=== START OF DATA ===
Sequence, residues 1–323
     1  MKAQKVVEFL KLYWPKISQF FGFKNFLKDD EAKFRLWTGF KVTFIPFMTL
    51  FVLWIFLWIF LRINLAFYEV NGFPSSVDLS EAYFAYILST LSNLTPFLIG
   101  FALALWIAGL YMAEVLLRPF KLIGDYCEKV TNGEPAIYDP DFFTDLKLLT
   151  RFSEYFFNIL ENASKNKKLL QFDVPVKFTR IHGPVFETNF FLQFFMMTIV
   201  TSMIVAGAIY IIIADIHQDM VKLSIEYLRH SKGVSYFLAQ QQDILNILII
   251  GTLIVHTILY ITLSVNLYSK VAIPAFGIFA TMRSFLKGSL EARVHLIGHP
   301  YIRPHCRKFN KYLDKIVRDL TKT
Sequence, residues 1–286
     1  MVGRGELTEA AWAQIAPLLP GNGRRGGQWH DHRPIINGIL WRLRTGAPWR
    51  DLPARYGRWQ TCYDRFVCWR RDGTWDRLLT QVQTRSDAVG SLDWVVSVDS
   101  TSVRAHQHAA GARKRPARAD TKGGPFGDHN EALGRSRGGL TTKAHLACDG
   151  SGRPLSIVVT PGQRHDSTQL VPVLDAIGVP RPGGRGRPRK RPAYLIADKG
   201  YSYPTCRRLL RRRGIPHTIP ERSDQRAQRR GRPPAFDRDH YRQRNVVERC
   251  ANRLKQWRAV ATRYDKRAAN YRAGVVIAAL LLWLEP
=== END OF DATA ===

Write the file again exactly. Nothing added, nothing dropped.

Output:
Sequence, residues 1–323
     1  MKAQKVVEFL KLYWPKISQF FGFKNFLKDD EAKFRLWTGF KVTFIPFMTL
    51  FVLWIFLWIF LRINLAFYEV NGFPSSVDLS EAYFAYILST LSNLTPFLIG
   101  FALALWIAGL YMAEVLLRPF KLIGDYCEKV TNGEPAIYDP DFFTDLKLLT
   151  RFSEYFFNIL ENASKNKKLL QFDVPVKFTR IHGPVFETNF FLQFFMMTIV
   201  TSMIVAGAIY IIIADIHQDM VKLSIEYLRH SKGVSYFLAQ QQDILNILII
   251  GTLIVHTILY ITLSVNLYSK VAIPAFGIFA TMRSFLKGSL EARVHLIGHP
   301  YIRPHCRKFN KYLDKIVRDL TKT
Sequence, residues 1–286
     1  MVGRGELTEA AWAQIAPLLP GNGRRGGQWH DHRPIINGIL WRLRTGAPWR
    51  DLPARYGRWQ TCYDRFVCWR RDGTWDRLLT QVQTRSDAVG SLDWVVSVDS
   101  TSVRAHQHAA GARKRPARAD TKGGPFGDHN EALGRSRGGL TTKAHLACDG
   151  SGRPLSIVVT PGQRHDSTQL VPVLDAIGVP RPGGRGRPRK RPAYLIADKG
   201  YSYPTCRRLL RRRGIPHTIP ERSDQRAQRR GRPPAFDRDH YRQRNVVERC
   251  ANRLKQWRAV ATRYDKRAAN YRAGVVIAAL LLWLEP